Buri, yoga with Adriene would turn me into an animal as well.
OP, if you don't mind posting a video of you playing something, people here may also be able to provide specific advice/suggestions.
6 Easy Steps to Next Level Violin Playing™:
My solution to the tired-at-the-end-of-work syndrome was to practice first thing. 30 minutes at 6 am is probably worth 60 at 6 pm anyway.
I pre-plan practice sessions in 15 minute increments, writing down what I will play and what techniques to work on. Focusing on sticking points and fundamentals such as beginning always with scales and etudes are constants.
What amazes and impresses me about the human spirit and music is for instance that Roger writes this "I have a hard job and get home late and tired and don't concentrate well." and yet instead of chilling out watching TV or whatever (nothing wrong with that!) he is motivated to practice violin and not only that, to keep improving. What is it about us humans that we so want to do this? And thank goodness we do! I'm sure your drive to play and keep improving is enormously beneficial to your playing progress, however you figure out to keep improving. For me finding others to play with has vastly boosted my practicing motivation and variation and stretched my abilities but this may not be the best way. You sound plenty motivated already. Best of luck to you, Roger!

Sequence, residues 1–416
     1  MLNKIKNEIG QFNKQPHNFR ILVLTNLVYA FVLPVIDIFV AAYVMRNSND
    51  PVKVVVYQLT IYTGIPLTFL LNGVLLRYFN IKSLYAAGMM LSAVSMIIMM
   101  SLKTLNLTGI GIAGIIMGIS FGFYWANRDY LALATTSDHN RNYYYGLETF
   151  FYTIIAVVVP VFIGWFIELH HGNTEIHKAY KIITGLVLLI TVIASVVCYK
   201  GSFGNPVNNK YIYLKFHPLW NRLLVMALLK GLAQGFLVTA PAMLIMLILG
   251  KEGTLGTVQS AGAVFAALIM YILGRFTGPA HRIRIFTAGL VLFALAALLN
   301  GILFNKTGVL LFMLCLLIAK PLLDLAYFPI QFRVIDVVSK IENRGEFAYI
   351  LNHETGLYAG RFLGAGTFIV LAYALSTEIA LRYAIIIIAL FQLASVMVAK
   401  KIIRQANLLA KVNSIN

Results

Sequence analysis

Thank you for all the replies. I will read them tonight or tomorrow. I can't read them well now. You are very kind.
"article on Simon’s site about playing with freedom and ease. I’m off to reread all his stuff."
+1 to Karen Egee. I also admire you for being keen on improvement. My suggestion is to set aside
Play a lot of scales, apreggios and etudes instead of repertoires
Lots of good advice on here already. I think I’ll just say that it’s better to practice less with full focus on fundamentals as opposed to practicing many hours and repeating out of tune notes and wrong rhythms. So practicing long hours sloppily does not necessarily translate into greater playing. Neither does just practicing scales or Kreutzer etudes without any clear goals or standards.
I find my playing level increases significantly after working on Bach for a while. Starting with the concertos and then moving into the sonatas and partitas in increasing difficulty seems for me to bust me over a plateau each time.